Junk DNA: Noncoding regions of DNA that have no apparent function. The term "junk DNA" is a disparaging one, expressing some of the disappointment felt by geneticists when they first gazed upon sizable segments of the genetic code and, instead of seeing one wonderful gene after another, they saw a few exons surrounded by vast stretches of "junk DNA."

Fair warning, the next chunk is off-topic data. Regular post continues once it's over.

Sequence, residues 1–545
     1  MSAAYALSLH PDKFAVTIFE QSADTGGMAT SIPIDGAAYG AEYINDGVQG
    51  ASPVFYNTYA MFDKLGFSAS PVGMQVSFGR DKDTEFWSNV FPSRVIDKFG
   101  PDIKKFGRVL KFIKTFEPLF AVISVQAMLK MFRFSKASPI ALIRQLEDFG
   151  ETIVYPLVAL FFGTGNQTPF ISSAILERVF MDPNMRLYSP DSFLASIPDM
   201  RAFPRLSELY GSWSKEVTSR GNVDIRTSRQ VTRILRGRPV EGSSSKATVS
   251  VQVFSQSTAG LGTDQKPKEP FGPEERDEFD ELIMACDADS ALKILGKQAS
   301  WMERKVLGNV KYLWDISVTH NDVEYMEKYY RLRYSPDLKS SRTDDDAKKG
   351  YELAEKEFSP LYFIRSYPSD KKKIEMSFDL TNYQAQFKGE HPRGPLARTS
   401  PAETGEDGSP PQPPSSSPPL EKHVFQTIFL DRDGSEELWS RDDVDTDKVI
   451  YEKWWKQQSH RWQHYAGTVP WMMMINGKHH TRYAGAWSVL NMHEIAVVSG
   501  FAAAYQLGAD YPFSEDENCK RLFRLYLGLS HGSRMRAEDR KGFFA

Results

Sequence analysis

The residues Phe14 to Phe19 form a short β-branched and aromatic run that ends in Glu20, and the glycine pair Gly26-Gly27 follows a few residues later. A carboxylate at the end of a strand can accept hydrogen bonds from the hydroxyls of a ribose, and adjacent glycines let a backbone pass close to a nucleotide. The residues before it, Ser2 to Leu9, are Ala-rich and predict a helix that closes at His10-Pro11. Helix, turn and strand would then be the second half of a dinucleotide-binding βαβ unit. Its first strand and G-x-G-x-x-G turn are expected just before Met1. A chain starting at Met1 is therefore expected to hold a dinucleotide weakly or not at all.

Exons are the regions of DNA that contain the code for producing the polypeptide molecules that make up protein. Each exon codes for a specific portion of the complete protein. In humans and some other species, the exons are separated by long regions of junk DNA.
However, junk DNA has been found to be even more conserved than protein-coding regions of the DNA in humans and other mammalian species. The extent of conservation indicates that there is some function for junk DNA that remains to be determined. Junk DNA may prove not to be junk.